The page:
by Kevin Knight, CMO of Experticity.
This article was originally published in the Summer 2017 edition of Silicon Slopes Magazine.
There’s a nationwide party celebrating Utah’s innovative business contributions, but Utahns appear confused as to why they’re even invited. Too many revert to the decades old notion that success resides not within mountain ranges, but in coastal cities. In my time on an advisory board at the Marriott School I’ve found that Utah’s universities — and therefore students — still believe this myth, missing the mecca of economic opportunity right in their backyard.
The nation’s most respected publications take note of Utah. The New Yorker explained “how Utah became the next Silicon Valley.” The Wall Street Journal reported Utah is the sixth-most popular destination for venture capital funding. Forbes listed Provo as the second-best place for business and careers in 2016.
Everyone else sees Utah’s value, so why can’t we shake the “working in Utah” insecurity complex?
Utah’s universities are plagued by the once-true (but now backwards) reasoning that their best and brightest belong in the few cities where financial and career opportunity reside. Although I find it extraordinary that students and advisors miss the depth of opportunity found here today, I empathize.
While in business school at MIT in 2008, a classmate shared that his dream company wasn’t located in Boston, or even out in the Bay Area. His dream company was located in my home state of Utah. Taken aback, it’s then that I realized Utah business had become a bona fide big deal.
It’s why companies like Adobe built a massive campus in Lehi. It’s why, during attendance at an investor’s conference last month in San Francisco, I overheard an executive from a prominent investment bank remark that “Salt Lake City is the next Austin.” And it’s why the Brookings Institution recently honed in on the Wasatch Front’s highly saturated tech workforce.
The Brookings report found high concentrations of tech employees are, predictably, located in cities like Seattle. But three of the top fifteen cities included Ogden, Provo, and Salt Lake City. Cities that are proximal to Utah’s major universities.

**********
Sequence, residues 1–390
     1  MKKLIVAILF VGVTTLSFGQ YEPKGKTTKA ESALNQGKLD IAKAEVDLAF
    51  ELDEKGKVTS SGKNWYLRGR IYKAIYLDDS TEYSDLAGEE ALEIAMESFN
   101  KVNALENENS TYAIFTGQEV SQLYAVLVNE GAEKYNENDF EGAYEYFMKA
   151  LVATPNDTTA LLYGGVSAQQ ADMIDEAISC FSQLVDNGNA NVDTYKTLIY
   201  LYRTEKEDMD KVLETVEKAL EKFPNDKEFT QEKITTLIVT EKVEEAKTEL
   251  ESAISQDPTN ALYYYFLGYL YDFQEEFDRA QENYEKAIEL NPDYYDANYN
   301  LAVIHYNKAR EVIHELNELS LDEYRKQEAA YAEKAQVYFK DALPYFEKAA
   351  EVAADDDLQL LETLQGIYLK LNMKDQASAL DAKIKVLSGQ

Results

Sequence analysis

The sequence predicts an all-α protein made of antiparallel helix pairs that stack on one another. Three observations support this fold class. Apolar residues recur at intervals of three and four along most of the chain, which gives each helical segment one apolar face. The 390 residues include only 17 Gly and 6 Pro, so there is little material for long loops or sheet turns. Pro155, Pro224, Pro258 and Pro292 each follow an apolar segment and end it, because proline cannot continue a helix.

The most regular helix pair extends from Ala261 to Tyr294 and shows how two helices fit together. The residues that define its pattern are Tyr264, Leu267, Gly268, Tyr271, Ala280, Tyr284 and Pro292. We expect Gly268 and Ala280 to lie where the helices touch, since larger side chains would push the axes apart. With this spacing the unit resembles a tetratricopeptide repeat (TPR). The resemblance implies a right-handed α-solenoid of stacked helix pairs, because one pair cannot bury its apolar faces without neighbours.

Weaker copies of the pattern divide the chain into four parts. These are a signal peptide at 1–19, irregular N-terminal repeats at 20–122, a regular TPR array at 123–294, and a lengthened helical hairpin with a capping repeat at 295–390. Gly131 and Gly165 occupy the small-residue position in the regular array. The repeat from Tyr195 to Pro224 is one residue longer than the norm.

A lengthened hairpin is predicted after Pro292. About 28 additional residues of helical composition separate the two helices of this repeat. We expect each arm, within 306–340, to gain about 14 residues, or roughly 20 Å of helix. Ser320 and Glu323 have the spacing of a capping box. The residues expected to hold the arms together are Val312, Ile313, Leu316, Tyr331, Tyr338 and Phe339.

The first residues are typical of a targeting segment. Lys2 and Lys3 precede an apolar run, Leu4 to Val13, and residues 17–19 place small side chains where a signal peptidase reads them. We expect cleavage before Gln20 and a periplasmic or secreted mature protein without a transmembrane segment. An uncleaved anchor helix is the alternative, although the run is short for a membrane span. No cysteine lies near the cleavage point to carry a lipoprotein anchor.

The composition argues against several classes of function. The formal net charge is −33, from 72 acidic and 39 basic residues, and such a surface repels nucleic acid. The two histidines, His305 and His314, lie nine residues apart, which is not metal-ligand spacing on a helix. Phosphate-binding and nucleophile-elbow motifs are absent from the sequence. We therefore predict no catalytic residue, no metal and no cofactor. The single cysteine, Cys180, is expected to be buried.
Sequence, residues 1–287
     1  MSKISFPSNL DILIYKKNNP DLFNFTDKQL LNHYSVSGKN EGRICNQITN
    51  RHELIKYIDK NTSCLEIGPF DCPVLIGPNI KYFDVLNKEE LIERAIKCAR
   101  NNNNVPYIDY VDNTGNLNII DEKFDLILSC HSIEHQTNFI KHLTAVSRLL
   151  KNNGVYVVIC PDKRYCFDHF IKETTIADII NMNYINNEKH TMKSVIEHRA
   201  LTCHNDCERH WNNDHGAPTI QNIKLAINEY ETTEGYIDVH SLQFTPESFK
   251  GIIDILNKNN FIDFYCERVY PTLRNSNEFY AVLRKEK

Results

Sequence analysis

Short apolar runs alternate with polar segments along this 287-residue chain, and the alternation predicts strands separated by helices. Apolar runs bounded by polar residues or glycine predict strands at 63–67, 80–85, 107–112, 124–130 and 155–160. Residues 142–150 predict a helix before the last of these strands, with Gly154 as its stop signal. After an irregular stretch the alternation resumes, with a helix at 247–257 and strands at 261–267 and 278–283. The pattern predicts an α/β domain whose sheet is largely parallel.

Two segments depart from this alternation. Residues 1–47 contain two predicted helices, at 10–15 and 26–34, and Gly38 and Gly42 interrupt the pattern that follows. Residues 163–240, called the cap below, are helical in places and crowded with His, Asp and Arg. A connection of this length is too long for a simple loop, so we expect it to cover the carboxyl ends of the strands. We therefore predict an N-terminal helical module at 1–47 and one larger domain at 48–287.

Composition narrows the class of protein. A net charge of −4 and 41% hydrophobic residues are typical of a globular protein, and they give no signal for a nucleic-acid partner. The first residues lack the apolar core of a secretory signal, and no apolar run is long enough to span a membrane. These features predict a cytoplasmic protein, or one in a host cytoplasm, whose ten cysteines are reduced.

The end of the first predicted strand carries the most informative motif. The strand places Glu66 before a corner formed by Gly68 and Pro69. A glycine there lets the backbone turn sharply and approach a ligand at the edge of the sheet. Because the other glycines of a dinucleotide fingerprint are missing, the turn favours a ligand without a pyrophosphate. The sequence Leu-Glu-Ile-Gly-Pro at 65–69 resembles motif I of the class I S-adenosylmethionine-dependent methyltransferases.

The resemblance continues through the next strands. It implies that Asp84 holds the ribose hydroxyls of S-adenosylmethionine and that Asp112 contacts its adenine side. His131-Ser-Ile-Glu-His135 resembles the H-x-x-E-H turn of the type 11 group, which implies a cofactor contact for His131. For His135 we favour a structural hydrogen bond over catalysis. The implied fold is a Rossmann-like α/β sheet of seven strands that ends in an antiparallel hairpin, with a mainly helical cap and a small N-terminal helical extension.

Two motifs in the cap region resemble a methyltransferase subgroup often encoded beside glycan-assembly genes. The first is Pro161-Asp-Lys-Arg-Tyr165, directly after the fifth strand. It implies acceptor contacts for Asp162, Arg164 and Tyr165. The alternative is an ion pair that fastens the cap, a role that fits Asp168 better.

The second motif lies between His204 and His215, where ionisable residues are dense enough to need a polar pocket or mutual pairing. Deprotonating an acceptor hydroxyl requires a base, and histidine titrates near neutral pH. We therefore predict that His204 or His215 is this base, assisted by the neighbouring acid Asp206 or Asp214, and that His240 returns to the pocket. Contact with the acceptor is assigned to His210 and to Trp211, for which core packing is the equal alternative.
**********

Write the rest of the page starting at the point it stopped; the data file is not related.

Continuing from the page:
These universities provide Utah’s most promising companies an incredible talent pool. But I continue to be puzzled by the coaching students receive to look elsewhere for high-trajectory careers. Even now the U of U’s website promotes its MBA program as the stepping stone to a global network — and yet no mention of the vast network found within the state. You almost forget that three billion-dollar companies are headquartered in the same modest office park not ten minutes from BYU’s campus.
Schools must encourage their students to look inside Utah for exciting tech career opportunities. Instead of meaningfully contributing to a fired up local economy, students looking elsewhere risk jumping off the proverbial rocket ship. And for what? The validation of an “outside-Utah” job? As experience has shown me, for those looking from the outside in, Utah tech companies are resume validation.
I grew up in Utah and I, too, sought after the out-of-state bullet-proof resume. I was told my experience with Google, Microsoft, Facebook, and Pinterest would enable me to write my own ticket.
After nearly a decade at these celebrated companies, I decided last October to see if I couldn’t write that ticket. My search for an exciting opportunity ended with a company called Experticity, headquartered right where the younger me would have least expected. The company I want to work for isn’t in California. It’s in Utah.
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